Dodie Smith is best known as the author of ‘101Dalmatians’, but I much prefer this beautifully sentimental and highly engaging book.
Set in 1930s England, the story of the Mortmain family is told by Cassandra, who begins her narrative with one of my most-favourite-ever opening lines:
“I write this sitting in the kitchen sink. That is, my feet are in it. The rest of me is on the draining board, which I have padded with our dog’s blanket and the tea-cosy.”
Another feature of this book that I really enjoy is Cassandra’s frequent references to books and plays she has read and enjoyed. In that sense, she is the literary forerunner of Rory Gilmore, the booknerdy lead character in the TV show Gilmore Girls. Other characters, too, make scattered literary references throughout the book.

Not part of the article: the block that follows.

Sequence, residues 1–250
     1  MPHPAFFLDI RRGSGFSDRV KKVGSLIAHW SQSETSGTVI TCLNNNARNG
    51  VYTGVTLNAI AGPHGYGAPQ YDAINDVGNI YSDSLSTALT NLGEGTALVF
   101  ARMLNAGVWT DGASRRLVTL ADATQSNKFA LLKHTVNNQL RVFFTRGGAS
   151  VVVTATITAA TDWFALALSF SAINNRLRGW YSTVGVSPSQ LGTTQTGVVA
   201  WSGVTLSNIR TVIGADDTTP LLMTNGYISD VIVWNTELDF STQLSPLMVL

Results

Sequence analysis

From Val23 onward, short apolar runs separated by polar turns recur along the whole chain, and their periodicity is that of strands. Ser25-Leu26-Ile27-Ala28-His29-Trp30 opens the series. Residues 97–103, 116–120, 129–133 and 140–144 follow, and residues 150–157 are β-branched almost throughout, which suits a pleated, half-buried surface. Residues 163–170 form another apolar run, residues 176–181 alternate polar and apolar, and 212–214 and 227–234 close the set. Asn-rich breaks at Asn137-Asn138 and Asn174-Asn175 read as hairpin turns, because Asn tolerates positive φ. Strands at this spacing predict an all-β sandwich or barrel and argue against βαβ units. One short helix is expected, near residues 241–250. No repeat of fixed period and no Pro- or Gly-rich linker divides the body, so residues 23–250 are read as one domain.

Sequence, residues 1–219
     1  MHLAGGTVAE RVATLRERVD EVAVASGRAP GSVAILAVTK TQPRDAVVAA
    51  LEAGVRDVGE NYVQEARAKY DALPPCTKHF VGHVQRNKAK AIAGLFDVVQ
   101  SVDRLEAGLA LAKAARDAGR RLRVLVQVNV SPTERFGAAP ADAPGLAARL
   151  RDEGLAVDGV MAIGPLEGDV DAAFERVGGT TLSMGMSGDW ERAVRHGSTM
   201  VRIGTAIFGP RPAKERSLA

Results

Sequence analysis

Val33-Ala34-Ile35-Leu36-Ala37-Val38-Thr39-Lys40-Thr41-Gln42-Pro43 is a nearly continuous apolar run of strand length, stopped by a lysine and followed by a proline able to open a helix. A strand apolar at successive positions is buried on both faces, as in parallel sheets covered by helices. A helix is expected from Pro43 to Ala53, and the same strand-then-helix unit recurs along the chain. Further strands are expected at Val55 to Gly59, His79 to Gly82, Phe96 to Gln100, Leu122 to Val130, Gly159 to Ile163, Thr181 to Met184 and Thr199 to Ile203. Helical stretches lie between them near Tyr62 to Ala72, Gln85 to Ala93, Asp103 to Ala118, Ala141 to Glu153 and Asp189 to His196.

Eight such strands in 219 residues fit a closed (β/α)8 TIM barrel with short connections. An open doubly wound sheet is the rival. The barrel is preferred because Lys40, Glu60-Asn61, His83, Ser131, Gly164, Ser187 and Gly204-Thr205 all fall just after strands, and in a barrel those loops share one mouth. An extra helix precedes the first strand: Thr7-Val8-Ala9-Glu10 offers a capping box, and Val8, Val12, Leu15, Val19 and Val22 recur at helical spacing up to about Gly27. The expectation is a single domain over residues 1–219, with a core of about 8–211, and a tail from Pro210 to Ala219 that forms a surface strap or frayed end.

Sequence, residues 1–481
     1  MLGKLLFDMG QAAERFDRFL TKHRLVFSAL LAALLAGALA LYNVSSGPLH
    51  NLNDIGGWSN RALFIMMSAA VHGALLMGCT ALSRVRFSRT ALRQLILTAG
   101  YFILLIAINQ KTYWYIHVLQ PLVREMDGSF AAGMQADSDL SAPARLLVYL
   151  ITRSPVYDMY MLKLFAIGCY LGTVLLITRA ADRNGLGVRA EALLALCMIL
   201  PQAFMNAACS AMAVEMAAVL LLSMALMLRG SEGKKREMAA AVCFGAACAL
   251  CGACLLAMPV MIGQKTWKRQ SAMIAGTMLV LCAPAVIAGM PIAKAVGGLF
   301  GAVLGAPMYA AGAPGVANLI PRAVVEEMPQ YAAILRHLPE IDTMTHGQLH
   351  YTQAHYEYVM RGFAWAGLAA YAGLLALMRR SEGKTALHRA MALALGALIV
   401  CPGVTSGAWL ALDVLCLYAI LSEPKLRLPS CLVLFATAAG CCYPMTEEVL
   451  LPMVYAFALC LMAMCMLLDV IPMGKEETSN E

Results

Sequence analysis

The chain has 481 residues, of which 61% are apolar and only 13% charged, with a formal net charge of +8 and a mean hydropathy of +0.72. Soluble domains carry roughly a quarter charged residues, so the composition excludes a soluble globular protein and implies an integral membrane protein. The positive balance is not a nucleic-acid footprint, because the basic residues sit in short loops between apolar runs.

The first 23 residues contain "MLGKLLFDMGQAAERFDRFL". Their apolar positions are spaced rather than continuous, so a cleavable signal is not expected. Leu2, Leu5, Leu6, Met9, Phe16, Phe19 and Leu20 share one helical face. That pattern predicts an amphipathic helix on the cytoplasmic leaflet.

It does frustrate me that the only copy I have on my shelf is one with a movie-based cover image— I generally avoid those, but this is my last remaining copy, which I picked up in my favourite book rescue shelter upon discovering that my other copies had disapeared. It was their last copy, too. Like The Scarlet Pimpernel, this is a book that has migrated from my shelf to those of family and friends on multiple occasions.